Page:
Currents News Staff
Protesters took to the streets in Havana calling for liberty, creating the largest mass protests in years, perhaps decades.
In front of police, the crowd yelled ‘fatherland and life,’ a new opposition slogan that has led to many arrests. Usually any anti-government activity leads to immediate arrest.
On Sunday, July 11, Cuba seemed to be a very different place as thousands of people in cities across the island took to the streets and took the government by surprise.
Thousands of people voiced their anger openly and many people told Currents News they simply had lost their fear. Police surrounded the protesters and arrested some of them, but for the most part they did not or could not stop the demonstrations.
The protests are only the latest sign of the unprecedented crisis facing the communist-run island.
Even as Cuba produces its own home-grown vaccines, the number of COVID cases has skyrocketed. On Sunday, health officials announced the highest single day increase in new cases and deaths.
For months, the Cuban economy has spiraled further downwards. The island has been hard hit by increased U.S. sanctions under the Trump administration, which have continued under President Biden.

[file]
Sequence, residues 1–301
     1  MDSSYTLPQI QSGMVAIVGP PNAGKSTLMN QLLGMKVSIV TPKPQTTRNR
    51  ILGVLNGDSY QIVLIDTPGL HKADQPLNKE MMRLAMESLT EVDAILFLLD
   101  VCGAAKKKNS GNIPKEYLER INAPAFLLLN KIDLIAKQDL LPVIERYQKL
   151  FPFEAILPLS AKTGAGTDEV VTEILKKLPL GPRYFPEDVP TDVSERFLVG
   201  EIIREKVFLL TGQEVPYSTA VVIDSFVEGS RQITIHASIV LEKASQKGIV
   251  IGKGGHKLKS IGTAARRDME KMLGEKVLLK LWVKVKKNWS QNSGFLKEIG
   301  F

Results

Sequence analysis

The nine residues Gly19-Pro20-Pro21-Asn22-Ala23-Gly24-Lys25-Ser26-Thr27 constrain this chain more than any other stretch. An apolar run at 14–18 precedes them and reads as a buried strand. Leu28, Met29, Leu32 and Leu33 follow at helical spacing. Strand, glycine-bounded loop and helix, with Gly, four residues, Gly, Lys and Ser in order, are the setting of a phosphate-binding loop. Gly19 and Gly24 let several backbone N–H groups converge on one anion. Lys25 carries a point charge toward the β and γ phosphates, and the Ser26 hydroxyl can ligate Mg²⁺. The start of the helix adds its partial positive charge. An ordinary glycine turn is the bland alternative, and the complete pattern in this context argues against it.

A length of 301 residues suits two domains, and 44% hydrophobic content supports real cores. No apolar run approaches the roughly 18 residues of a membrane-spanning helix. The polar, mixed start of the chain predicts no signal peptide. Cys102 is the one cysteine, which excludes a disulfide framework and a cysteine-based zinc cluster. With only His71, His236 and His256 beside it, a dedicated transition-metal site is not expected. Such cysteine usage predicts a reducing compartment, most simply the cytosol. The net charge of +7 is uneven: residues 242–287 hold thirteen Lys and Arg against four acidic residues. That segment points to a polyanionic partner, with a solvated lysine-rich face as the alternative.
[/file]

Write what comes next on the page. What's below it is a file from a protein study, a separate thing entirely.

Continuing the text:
The pandemic has cut off tourism and the ability to receive help from relatives abroad for many Cubans. Lines for food now stretch around the block and can last for hours.
For many in Cuba, waiting for scarce food and medicines has become their life.
“Every day there are people out here for whatever there is. Some days, you don’t even know what products they’re going to be selling,” Rachel said. “You have to be out here if you want to have food.”
The economic misery is already leading to desperation as Cubans are now taking to the sea on rafts and the greatest numbers since 2017, when then President Obama ended the wet foot dry foot policy that allowed Cubans reaching us to stay.
Cuba is confronting the worst crisis in decades without a Castro at the helm, as Raul Castro stepped down from his last leadership role in April. On Sunday, Cuba’s new leader, Miguel Diaz Canel, blamed the island’s economic troubles on the U.S. and vowed to crack down on the protesters.
“The order to combat has been given,” he said. “Revolutionaries need to be in the streets.”
Cuba edges closer to the edge, neither side appears they’re backing down.